Gulf of Mexico
Austin Ellison stares at his damaged property after Hurricane Idalia on Thursday in Horseshoe Beach, Fla. Ellison's family owns a seafood and shrimping business. Saul Martinez for NPR

FL - Idalia demolished some Florida fishing communities. But locals say they'll rebuild

Peter Ravella, CNT: Americans are not quitters and that helps explain or inability to recalibrate and rethink our development choices in the face of devastating storms along the American shoreline. As much we we want to believe that our deepening understanding of hurricanes, storm surge, sea level rise, and all the rest will bend our decisions toward a lower risk future, it is clear that is simply not the case. When the storms pass, we always hear, "We will rebuild." And, so we do and usually more densely and more expensively.

HORSESHOE BEACH, Fla. — For five generations, Austin Ellison's family has toiled in the shrimping and fishing business here in this picturesque shoreline community nestled in what's known as Florida's Nature Coast along the state's northern Gulf Coast.

"We supply seafood all over the state of Florida. Live shrimp. All kinds of seafood," Ellison said. "There's no place like being here on the water."

But when Hurricane Idalia barreled into the coast as a Category 3 storm on Wednesday with 125 mph winds, his family business, Ed's Bait House, was pounded to the ground.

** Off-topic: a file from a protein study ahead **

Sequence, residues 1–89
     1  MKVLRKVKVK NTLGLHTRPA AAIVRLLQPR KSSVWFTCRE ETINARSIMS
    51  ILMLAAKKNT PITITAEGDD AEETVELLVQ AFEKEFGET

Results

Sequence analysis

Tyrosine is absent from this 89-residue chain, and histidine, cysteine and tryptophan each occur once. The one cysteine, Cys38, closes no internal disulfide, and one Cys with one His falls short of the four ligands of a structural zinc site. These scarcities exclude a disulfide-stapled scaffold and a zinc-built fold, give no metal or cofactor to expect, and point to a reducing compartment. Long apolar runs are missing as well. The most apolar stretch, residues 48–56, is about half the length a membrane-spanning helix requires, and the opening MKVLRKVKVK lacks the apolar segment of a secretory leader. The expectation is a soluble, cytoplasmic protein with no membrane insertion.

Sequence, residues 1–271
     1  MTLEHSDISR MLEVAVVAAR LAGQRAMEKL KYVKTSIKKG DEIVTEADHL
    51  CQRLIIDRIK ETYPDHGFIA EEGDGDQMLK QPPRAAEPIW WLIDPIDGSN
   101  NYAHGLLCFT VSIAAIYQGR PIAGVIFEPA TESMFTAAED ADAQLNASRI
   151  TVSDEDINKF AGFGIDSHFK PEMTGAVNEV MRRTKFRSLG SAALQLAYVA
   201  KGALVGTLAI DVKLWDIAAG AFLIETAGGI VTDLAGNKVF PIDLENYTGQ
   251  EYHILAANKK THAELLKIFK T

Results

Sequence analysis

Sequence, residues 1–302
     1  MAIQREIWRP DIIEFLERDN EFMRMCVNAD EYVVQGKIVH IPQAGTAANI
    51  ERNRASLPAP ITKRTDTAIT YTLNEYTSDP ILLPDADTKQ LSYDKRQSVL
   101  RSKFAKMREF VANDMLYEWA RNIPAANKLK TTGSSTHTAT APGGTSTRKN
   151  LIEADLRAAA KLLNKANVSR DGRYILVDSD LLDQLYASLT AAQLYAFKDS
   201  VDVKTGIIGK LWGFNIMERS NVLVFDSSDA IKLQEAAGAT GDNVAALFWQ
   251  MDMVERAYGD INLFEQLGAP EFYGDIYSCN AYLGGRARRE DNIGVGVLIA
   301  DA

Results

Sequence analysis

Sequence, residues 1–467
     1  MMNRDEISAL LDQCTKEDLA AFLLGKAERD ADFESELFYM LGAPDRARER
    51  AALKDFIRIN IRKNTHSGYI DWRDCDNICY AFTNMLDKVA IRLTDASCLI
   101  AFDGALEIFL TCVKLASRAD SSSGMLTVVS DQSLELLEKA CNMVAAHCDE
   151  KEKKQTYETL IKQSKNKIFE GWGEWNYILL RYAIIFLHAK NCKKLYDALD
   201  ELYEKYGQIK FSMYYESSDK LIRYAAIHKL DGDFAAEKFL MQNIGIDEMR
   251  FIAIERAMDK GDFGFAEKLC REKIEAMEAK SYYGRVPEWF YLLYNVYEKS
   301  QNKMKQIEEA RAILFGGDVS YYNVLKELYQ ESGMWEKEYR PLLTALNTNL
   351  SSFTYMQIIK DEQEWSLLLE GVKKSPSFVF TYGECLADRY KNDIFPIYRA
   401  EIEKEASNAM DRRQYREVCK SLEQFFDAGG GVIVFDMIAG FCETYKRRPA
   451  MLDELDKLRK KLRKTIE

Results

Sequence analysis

Ellison points to his shrimping boat, named Miss Laura, floating in a nearby canal. The storm smashed out its windows, but the vessel survived otherwise.

To Ellison, rebuilding means not just the cost of construction, but the additional expense of meeting modern storm-proofing requirements — a daunting task for someone who makes less than $30,000 a year as a seasonal fisherman.


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"The rules and regulation in Horseshoe mean if you rebuild, it has to be up in the air, and that takes money," he said. "And money ain't flowing with the poor people down here in Horseshoe."

With his family business flattened, and his home here also shredded, Ellison is wondering if it's worth rebuilding at all, or moving on?

"It makes you think, what's next? Do you throw your hands up? What do you do?" he said.

What do you do? It's a question many residents and business owners are asking themselves, as they dig out of rubble. They fear that this remote village centered around shrimping, clamming and scalloping won't be able to spring back.

As he sifts through the wreckage of the store he runs, Dennis Buckley said he is going to do his part to make sure it does.

Buckley ran a business called the Marina that offered boating supplies, motel units and spaces for RVs.

The storm nearly blew it all away. Its building is still standing upright, yet its windows, doors and interior were peeled apart and spit out as hurricane detritus.

"We're not quitters. We just do one thing: Move on," Buckley said. "You can't change yesterday. You just have to go ahead and clean this up. We'll be open again."

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